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I'm having a school project for Java and I'm assigned too. Now I'm having an issue with a part of the project which I can't figure out. The application must generate all possible word combinations (can be verified via a dictionary) from a two-dimensional char array (char[][] board). The board is dynamic as the user can choose the scale: 4x4, 5x5, 4x5, 5x4, 4x6, ... So I guess a nested loop wouldn't be approriate here, correct me if I'm wrong. Words must be generated horizontally, verticaly and diagonally. Example of a 4x4 board:

| u | a | u | s |

| n | n | i | i |

| a | o | e | b |

| e | u | e | z |

    Code was completely wrong.

Another idea may be to brute force every possible path on the board and then try those saved paths to verify whether it's a word or not.

Thanks in advance!

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What do you mean with "generate words on the board"? What is your input, and what it the desired output? –  meriton Jan 20 '13 at 19:19
    
The application generates a board on a random base (with random chars) and must then find all possible words on the board in multiple directions (horizontally, vertically and diagonally) and may not visit a character twice. –  user1929899 Jan 20 '13 at 19:57
    
What does "in multiple directions" mean? Can a single word use multiple directions, i.e. does the word have to be in a straight line or may it curve across the board? –  meriton Jan 20 '13 at 20:15
    
All possible directions, once the cursor (let's say) selects a character from there on, it can go jump to all its neighboors and so on ... The actual directions it can go to are saved in the HashMap<Point, Point[]> neighbouringCoords; –  user1929899 Jan 20 '13 at 20:38

3 Answers 3

up vote 2 down vote accepted

One way to solve this is:

for each path on the board
    if corresponding word in dictionary
        print it

To find all paths, you could adapt any graph traversal algorithm.

Now this will be really slow, because there are a great many paths of a board that size (for a board with n cells, we can have at most n * 4 ^ (n - 1) paths, so for a 5 by 5 board, you'd have something like 25 * 2 ^ 50 ~= 10^16 paths.

One way to improve on this is to interleave traversing the graph and checking the dictionary, aborting if the current path's word is not a prefix of a dictionary word:

class Board {

    char[][] ch;
    boolean[][] visited;

    Trie dictionary;

    void find() {
        StringBuilder prefix = new StringBuilder();
        for (int x = 0; x < maxx; x++) {
            for (int y = 0; y < maxy; y++) {
                walk(x, y, prefix);
            }
        }
     }

    void walk(int x, int y, StringBuilder prefix) {
        if (!visited[x][y]) {
            visited[x][y] = true;
            prefix.append(ch[x][y]);

            if (dictionary.hasPrefix(prefix)) {
                if (dictionary.contains(prefix)) {
                    System.out.println(prefix);
                }

                int firstX = Math.max(0, x - 1);
                int lastX = Math.min(maxx, x + 1);
                int firstY = Math.max(0, y - 1);
                int lastY = Math.min(maxy, y + 1);
                for (int ax = firstX; ax <= lastX; ax++) {
                    for (int ay = firstY; ay <= lastY; ay++) {
                        walk(ax, ay, prefix);
                    }
                }
            }

            prefix.setLength(prefix.length() - 1);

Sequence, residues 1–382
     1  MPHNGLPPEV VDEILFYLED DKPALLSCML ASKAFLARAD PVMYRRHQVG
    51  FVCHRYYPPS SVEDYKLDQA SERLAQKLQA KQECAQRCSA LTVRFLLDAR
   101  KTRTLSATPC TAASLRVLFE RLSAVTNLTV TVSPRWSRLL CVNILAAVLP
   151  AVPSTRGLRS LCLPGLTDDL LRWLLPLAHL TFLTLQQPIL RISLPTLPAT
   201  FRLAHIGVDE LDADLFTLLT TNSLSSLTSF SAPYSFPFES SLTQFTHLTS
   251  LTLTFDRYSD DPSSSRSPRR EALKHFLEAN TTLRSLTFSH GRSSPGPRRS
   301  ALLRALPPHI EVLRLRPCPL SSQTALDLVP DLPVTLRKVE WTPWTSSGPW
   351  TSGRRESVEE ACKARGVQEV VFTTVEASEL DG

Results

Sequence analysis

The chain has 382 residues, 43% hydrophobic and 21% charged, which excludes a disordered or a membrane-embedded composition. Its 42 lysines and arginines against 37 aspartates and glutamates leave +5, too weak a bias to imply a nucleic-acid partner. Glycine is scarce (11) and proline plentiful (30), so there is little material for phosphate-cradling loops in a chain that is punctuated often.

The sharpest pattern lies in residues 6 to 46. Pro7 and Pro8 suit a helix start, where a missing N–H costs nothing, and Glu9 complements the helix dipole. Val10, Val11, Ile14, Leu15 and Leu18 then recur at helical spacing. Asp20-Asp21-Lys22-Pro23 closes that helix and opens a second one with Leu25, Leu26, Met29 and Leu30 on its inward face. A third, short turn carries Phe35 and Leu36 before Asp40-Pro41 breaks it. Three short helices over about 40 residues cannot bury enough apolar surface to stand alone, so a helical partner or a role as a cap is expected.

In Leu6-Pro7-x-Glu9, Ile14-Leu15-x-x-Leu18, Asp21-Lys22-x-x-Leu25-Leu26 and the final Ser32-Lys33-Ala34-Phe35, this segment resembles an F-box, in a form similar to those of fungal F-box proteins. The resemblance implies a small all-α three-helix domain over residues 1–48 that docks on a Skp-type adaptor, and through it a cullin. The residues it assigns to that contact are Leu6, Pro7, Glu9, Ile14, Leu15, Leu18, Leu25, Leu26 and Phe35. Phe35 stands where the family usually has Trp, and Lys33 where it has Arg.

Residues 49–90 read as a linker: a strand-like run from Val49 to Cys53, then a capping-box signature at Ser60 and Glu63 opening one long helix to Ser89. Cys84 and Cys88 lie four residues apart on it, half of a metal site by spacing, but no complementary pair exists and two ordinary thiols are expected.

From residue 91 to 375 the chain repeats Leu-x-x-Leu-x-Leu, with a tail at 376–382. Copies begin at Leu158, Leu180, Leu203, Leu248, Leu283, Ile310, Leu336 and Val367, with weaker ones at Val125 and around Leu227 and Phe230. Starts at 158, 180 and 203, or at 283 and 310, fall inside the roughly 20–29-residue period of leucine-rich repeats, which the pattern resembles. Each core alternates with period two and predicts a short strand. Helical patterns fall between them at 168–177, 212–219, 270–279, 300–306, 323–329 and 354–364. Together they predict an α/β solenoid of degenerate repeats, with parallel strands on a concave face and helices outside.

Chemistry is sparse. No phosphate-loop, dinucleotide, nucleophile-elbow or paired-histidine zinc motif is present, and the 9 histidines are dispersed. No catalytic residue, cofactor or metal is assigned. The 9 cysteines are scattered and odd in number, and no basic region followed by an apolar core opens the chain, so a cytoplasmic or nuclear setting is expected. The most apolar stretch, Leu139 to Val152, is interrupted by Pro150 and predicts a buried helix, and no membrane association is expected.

visited[x][y] = false;
        }
    }

As you can see, the method walk invokes itself. This technique is known as recursion.

That leaves the matter of finding a data structure for the dictionary that supports efficient prefix queries. The best such data structure is a Trie. Alas, the JDK does not contain an implementation, but fortunately, writing one isn't hard.

Note: The code in this answer has not been tested.

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I now have a somewhat similiar recursive method: private void findWord(Woord woord, int positionInWord, Point currentPosition, HashSet<Point> visited, StringBuilder currentWoord) { ... } and it works, but gives some unusual result at times, like characters which are not connected etc ... –  user1929899 Jan 21 '13 at 13:14

A fairly straightforward way of conceptualizing this is to apply a breadth-first search (BFS) approach to each position (or depth-first, depending upon which tweaks you might later want to make). This would give you all possible letter combinations, up to a level of characters equal to the max depth of the search. Depending on your requirements, such as the longest allowed word, max running time, and if a dictionary is provided via a data structure or file, this may be the key part.

Or, you may need to optimize quite a bit more. If so, consider how you might expedite either a BFS or DFS. What if you did a DFS, but knew three characters in that no word starts with "zzz"? You could shave a lot of time off by not having to traverse all conceivable orderings. To look words up effectively, you might need to make further adjustments. But I'd start with Java's built-in functionality (String.startsWith() comes to mind in this instance), measure performance (perhaps with a limited max word length), and then optimize when and where it's needed.

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Start by turning rows , columns and diagonals to Strings, using a simple repetitive method. Then , I would turn it into a StringBuilder or in order to check which words are real and eliminate those which aren't directly from the StringBuilder. then , just print it to a String.There are a lot of useful tools to eliminate or replace words in java.

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